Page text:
When Mega Man fought Ryu: how Capcom helped a fan create an amazing, free, official mash-up
Christian Svensson, the SVP of consumer software at Capcom USA, was enjoying the action on the main screen at EVO this year when a man named Zong Hui came up and wanted to show off a project on his laptop. To Svensson’s delight, the game turned out to be an early version of a classic-looking Mega Man game that used Street Fighter characters as the bosses. “It was so clever and well done,” Svensson remembered. “Unbeknownst to him, we had started having meetings for the plans for the Mega Man 25th Anniversary a couple of months earlier and we still lacked a really good opener” Svensson told the Penny Arcade Report. “I thought that the game would be an excellent closer to the 25th anniversary of Street Fighter and opener to the 25th anniversary of Mega Man.” This is how a fan’s game turned into an official, free Mega Man title endorsed, paid for, and helped along by Capcom itself.
When Mega Man met Ryu
The creation of Street Fighter X Mega Man was a more organic process than it may seem; the two worlds weren’t forced together arbitrarily. Zong Hui began the game as a way to teach himself how to code. “It was an experiment. It started with him building a Mega Man level, but when it came time for him to create a boss, he didn’t really have a solid idea for a traditional Mega Man boss,” Svensson said. “[Hui] is a competitive Street Fighter player and decided to try to 8-bit-ify Ryu as a boss. And it worked well! Everything else grew from there.”Svensson took the prototype to the Capcom office and Brett Elston, Capcom’s senior online and community manager played it and gave it the thumbs up. The prototype then went over to Japan with the idea that the game would be finished, polished, and released as a free game to promote both franchise's 25th anniversaries. Contracts were signed, Capcom got involved with the game’s development, and things moved forward. Well, it wasn’t quite that simple. “I won’t lie. There was a fair amount of red tape, but I was fairly sure that I could make a good case for why we should do it and how we should do it,” Svensson explained “Sure enough, the powers that be agreed. As far as reaching an agreement with Zong Hui and his guys, it’s nothing but positive for them both financially and in terms of exposure, so I never doubted it could be done.” There was also the question of what Street Fighter characters would make it into the game. The prototype included four characters: Blanka, Ryu, Dhalsim, and Rose. The team weighed the inclusion of other characters based on their popularity, their color palette and where they would fit into the game, and powers they would give to Mega Man when defeated. It was important for Hui that Street Fighter II, III, Alpha and IV were represented. The process involved some discussion with Capcom, but they allowed Hui to have the final call. It was his game, after all. What’s even more impressive is that no official assets were provided; Hui created all the sprites himself, and the designs were met with approval from Capcom. “I don't believe we provided any official art, as Zong Hui really did a great job converting Street Fighter characters into the Mega Man world and nailed the Mega Man sprite from the get go. And as far as I know, his 8-bit interpretations of the Street Fighter characters were met with approval from all who saw them,” Elston said.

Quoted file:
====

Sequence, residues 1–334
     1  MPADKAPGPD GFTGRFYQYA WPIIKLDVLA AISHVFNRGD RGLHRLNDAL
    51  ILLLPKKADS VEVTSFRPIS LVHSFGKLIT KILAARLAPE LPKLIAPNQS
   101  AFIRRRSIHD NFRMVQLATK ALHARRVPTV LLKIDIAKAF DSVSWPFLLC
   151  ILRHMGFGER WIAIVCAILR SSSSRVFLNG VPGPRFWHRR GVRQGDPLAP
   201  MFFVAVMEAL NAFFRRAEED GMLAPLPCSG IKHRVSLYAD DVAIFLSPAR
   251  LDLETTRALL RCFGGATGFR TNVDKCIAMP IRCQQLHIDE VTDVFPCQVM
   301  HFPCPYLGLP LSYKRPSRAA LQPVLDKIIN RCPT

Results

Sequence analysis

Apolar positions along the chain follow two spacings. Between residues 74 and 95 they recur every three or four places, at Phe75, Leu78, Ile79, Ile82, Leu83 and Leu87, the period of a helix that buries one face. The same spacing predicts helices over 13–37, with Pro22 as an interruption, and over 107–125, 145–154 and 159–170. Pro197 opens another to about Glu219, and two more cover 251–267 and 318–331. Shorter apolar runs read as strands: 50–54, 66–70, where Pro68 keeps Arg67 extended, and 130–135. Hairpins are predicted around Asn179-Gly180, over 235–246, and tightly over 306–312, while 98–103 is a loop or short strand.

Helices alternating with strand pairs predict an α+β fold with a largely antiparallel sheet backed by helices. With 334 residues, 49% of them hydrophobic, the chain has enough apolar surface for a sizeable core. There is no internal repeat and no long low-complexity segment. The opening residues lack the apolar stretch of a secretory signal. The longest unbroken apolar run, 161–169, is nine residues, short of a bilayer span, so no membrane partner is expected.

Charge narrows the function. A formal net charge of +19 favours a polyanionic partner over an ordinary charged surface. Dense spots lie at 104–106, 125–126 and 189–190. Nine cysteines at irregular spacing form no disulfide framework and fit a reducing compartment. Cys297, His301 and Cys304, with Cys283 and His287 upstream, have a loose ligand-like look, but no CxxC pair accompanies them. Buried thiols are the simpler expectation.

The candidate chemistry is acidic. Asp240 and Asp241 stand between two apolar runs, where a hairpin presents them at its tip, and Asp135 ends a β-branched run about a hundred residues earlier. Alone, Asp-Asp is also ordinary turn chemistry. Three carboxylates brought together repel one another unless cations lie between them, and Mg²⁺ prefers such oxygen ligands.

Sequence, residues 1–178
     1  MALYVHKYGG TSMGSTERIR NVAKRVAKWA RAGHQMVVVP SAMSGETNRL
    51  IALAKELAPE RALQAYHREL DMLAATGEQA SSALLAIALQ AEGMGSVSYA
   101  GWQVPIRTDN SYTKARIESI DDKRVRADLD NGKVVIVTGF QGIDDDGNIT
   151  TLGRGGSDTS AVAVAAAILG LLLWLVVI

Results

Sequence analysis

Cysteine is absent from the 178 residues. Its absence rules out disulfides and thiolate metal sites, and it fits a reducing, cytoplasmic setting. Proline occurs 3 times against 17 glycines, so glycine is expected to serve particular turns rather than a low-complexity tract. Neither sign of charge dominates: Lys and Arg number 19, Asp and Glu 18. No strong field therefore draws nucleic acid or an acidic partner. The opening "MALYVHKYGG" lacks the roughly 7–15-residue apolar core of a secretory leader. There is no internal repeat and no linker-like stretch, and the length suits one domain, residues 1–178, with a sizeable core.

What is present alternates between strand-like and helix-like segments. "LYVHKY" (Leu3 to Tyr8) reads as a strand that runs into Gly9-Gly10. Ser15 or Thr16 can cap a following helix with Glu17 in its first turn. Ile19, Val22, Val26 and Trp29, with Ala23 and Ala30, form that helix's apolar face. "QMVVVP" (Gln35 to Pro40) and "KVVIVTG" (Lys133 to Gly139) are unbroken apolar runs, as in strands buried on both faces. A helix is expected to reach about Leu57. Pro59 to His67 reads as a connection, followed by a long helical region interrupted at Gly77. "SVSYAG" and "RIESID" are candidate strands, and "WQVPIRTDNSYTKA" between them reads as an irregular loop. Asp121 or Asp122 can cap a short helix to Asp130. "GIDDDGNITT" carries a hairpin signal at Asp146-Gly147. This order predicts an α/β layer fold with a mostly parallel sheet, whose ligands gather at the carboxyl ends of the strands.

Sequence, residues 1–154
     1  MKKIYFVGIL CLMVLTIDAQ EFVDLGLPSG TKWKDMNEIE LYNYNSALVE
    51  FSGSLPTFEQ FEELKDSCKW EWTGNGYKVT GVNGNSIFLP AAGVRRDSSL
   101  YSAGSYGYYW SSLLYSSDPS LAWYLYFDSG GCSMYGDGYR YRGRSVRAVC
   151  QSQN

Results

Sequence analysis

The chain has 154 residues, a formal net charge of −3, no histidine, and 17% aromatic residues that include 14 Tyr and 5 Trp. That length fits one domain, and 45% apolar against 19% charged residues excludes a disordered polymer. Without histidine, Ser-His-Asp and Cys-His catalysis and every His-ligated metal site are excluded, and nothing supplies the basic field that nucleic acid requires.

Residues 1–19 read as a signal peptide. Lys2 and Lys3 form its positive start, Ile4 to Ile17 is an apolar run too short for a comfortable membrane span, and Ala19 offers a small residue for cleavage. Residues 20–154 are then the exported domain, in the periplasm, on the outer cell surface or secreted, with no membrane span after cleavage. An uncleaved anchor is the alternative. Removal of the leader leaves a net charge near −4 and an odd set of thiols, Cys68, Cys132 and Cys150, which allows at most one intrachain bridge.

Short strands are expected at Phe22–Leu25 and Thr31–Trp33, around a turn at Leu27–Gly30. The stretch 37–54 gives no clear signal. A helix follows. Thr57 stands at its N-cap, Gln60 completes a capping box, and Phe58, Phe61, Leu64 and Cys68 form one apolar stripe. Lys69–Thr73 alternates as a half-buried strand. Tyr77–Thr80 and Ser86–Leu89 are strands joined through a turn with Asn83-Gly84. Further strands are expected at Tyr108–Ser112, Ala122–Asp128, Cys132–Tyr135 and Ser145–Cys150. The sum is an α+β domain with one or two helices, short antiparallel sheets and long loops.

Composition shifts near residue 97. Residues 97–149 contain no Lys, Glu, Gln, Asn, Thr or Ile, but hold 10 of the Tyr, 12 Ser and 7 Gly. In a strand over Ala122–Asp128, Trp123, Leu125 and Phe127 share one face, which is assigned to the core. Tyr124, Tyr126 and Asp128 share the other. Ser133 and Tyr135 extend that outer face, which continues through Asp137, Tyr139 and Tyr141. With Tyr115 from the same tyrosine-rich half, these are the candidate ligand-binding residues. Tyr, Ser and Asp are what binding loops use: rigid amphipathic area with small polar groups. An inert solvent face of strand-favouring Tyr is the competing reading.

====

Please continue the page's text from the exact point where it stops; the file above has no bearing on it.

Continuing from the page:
Haters gonna hate
The game will be released as a free download for the PC on December 17, a fact that has caused some controversy among Capcom fans. Some people argue that it should have been released on a console, and that it will be hard to play with a keyboard. Sometimes it feels like every gift horse must be inspected thoroughly, starting with the mouth. “It's a little frustrating, yes, because it feels like some people a negative impression of 'free on PC,' as if that somehow signifies lesser quality or not a 'real' game,” Elston said. “Plug in a USB controller and I assure you, it's a full, legit title and in no way some compromised, forgettable freeware.” There were also some practical considerations that went into the decision. “It's also much easier to release a free title on PC than on other platforms,” Elston explained. “The combination of speed, ease of distribution and availability of the platform, PCs are everywhere, y'know, this was the best possible solution for the product. The goal is to get Mega Man back into the hands of players and we feel that a free PC download is a great way to do it.”